Posted at TimesofSanDiego.com on 4/28/21
RUN DATES: 4/24/21 – 5/16/21
VENUE: The Roustabouts Theatre Co., American History Theater, Teenage Youth Performing Arts
He may have been a martyr, but he wasn’t a saint.
Martin Luther King, Jr. strayed from his marriage. He had smelly feet and holes in his socks. He was vain, fearful, sometimes paranoid. But his Dream was pure and deeply felt.
All this we see and learn in “The Mountaintop,” Katori Hall’s 2009 drama set in Room 306 of the Lorraine Motel in Memphis, the night before the civil rights icon was assassinated.
Earlier that evening, he had given a memorable speech in support of the striking sanitation workers of Memphis. In its conclusion, he said, presciently, it turned out, “I’ve been to the mountaintop… And I’ve seen the promised land. I may not get there with you.”
When we meet him, in his shoddy motel room, he’s exhausted, hoarse, and desperately craving coffee and a cigarette. He’s trying to figure out how incendiary he should get in tomorrow’s speech, starting with “Why America is going to hell.” (“They’re really gonna burn me on a cross for this one,” he chuckles).
Then, an attractive young maid comes in with Room Service. She has coffee and, coincidentally, his favorite smokes, Pall Mall.
He gives her the once-over (more than once). They flirt. They have a pillow-fight. He might be inclined to take things further, but they both pull back, though she claims that she hasn’t been very saintly either.
And then they get into a spirited discussion of the best way forward for their people. She even puts on his jacket and shoes and gives a fiery speech (“Today is the day I tell you to kill the white man. Not with a gun; with your minds”).
Although he doesn’t agree with her tactics (if she were a man, he says, she’d be Malcom X), he likes her sense of humor (“morbid, like mine”). They talk about Mortality and Death.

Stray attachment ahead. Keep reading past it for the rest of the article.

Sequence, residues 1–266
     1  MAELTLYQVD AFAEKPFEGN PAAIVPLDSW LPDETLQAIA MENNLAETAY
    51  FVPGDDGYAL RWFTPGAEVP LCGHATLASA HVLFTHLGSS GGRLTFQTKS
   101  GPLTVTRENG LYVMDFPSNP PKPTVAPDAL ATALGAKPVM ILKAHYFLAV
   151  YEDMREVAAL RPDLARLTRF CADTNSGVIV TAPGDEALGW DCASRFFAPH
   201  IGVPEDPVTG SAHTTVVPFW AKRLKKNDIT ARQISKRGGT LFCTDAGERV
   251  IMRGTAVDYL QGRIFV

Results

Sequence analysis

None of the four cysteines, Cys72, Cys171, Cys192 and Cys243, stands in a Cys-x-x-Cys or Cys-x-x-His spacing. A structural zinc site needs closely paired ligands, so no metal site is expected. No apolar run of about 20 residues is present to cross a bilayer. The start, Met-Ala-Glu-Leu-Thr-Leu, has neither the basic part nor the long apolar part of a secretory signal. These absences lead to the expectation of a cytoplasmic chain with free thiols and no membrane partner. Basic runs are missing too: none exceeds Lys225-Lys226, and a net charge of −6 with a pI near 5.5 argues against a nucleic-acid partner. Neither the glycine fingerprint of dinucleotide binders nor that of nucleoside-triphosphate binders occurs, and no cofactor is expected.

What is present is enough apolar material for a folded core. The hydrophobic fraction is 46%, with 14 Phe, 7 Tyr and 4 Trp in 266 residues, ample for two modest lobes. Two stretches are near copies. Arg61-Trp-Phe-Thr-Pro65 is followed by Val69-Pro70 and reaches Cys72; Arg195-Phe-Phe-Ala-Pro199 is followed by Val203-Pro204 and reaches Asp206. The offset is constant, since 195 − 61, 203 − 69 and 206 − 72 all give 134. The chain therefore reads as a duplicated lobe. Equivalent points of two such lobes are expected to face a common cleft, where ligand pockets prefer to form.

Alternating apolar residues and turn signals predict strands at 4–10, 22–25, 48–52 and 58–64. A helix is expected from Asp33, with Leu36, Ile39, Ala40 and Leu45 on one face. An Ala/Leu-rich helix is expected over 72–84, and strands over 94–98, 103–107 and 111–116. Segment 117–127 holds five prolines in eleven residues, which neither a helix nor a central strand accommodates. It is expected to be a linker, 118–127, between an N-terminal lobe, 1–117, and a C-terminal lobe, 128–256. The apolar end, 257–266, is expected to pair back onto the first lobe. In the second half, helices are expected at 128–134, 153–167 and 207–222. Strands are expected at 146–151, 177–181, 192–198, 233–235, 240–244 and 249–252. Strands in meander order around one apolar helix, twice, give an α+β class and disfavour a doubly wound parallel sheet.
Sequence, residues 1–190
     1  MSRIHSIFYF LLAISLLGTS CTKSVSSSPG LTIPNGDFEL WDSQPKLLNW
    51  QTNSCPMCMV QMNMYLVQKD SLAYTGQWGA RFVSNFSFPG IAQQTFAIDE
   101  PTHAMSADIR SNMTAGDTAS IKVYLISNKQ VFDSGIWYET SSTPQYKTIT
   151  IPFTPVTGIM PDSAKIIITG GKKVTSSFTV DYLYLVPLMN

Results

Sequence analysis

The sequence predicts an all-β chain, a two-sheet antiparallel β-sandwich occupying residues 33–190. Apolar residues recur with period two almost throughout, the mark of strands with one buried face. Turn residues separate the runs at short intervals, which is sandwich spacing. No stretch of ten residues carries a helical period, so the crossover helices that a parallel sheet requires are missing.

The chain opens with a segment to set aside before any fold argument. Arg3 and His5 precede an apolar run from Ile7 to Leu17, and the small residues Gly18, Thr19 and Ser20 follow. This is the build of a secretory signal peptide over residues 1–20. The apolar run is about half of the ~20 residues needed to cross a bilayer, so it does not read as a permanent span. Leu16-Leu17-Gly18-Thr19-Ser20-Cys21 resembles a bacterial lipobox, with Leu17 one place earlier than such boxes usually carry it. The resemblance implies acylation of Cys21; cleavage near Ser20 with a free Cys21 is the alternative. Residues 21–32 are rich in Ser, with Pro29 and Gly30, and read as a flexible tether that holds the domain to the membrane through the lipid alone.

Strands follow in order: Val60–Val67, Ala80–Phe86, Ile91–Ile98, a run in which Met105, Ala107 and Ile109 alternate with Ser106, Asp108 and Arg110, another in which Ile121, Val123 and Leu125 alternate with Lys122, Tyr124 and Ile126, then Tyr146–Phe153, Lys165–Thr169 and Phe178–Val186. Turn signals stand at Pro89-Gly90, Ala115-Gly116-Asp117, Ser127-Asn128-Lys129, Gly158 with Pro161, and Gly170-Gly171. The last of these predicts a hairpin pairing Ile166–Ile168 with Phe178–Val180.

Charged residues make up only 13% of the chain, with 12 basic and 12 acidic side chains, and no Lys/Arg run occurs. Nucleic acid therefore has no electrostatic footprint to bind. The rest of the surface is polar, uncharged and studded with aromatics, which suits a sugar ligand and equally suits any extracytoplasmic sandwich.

She calms him when the storm outside rages with thunder and lighting that makes him hit the floor and grab his chest — and exclaim, eerily for this moment, “I can’t breathe.”
She seems to know a lot about him. She even calls him by his real Christian, childhood name, Michael. (He took on ‘Martin Luther’ when he was young). At one point, skeptical because she knows too much, he thinks she’s a spy, working for the FBI.
There’s a kind of luscious twist that would be a terrible spoiler to reveal.
But the main point of the piece is showing the man behind the paragon — smelly feet, holey socks and all. To humanize the speechmaking, sermonizing, minister and dreamer.
The play is a fantasy, a highly effective and enlightening one, wherein King gets a glimpse of the future of the civil rights movement and the plight of Blacks in America. The gut-wrenching montage of archival photos and footage take him right up to George Floyd, Brionna Taylor and Kamala Harris. This vision of what’s to come forces him to consider his destiny and his legacy.
Not only is this an ideal time to revisit the play, but it’s being produced in a highly appropriate way: as a collaboration among three theaters — one more established (The Roustabouts) and two younger companies it’s mentoring through the process (The American History Theater and the Teenage Youth Performing Arts Theatre Company).
The American History Theater actually held the rights to the play, and its artistic director, Kandace Crystal, skillfully directed this production.
Caiel Noble, who is well-trained but is, surprisingly, making his professional theater debut, is excellent as Dr. King, exuding all the passion and power, as well as the fear and anger, of the great man.
Ashley Graham, an actor/instructor from South Carolina who has appeared on several local stages (Coronado Playhouse, Trinity Theatre), strikes a pitch-perfect tone as the maid. She has the accent and the attitude, the playfulness, strength and commitment to her task.
As a side-note, the maid, Carrie Mae, was named after the playwright’s mother — to give her the opportunity to ‘be’ in the same room with Martin Luther King that she was denied years ago. As a young girl in Memphis, her grandmother wouldn’t allow her to go hear him speak, because of the potential for violence.
The production design (Reiko Huffman) is detailed and convincing, and the filming is expert (the DP/editor is seven-time Emmy Award-winner Michael Brueggemeyer).
Twelve years after the play was written, 50+ years after MLK’s death, it feels like society hasn’t progressed all that much, and equality is as elusive as ever.
That makes the piece timely — and sadly, timeless. We could use another Dr. King right now, a powerful spokesman and acknowledged leader. He or she is out there, for sure. We just have to keep the faith — and keep fighting for equal rights.
©2021 PAT LAUNER/Patté Productions, Inc.